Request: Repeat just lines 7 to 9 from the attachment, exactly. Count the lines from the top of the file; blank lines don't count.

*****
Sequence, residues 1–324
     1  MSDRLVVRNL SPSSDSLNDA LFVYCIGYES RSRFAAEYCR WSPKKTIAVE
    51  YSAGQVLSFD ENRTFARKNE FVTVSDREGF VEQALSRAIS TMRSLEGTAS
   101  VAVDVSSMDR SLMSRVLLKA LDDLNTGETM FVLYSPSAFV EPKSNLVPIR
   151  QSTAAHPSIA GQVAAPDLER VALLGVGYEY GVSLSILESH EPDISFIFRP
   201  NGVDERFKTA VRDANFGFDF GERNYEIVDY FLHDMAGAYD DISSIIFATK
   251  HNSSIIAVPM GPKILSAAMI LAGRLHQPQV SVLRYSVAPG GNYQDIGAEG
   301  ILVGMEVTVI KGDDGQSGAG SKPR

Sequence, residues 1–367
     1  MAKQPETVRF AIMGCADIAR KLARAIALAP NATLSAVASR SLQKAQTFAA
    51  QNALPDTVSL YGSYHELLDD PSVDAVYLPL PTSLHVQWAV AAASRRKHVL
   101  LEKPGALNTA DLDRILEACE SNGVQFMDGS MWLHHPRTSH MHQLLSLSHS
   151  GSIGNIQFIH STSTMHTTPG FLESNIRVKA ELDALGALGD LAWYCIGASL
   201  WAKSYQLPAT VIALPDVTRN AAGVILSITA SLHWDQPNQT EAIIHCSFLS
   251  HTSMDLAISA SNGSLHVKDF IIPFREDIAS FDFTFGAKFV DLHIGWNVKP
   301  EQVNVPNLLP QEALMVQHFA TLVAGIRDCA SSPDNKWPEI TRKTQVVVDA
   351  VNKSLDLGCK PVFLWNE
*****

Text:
   251  HNSSIIAVPM GPKILSAAMI LAGRLHQPQV SVLRYSVAPG GNYQDIGAEG
   301  ILVGMEVTVI KGDDGQSGAG SKPR

Sequence, residues 1–367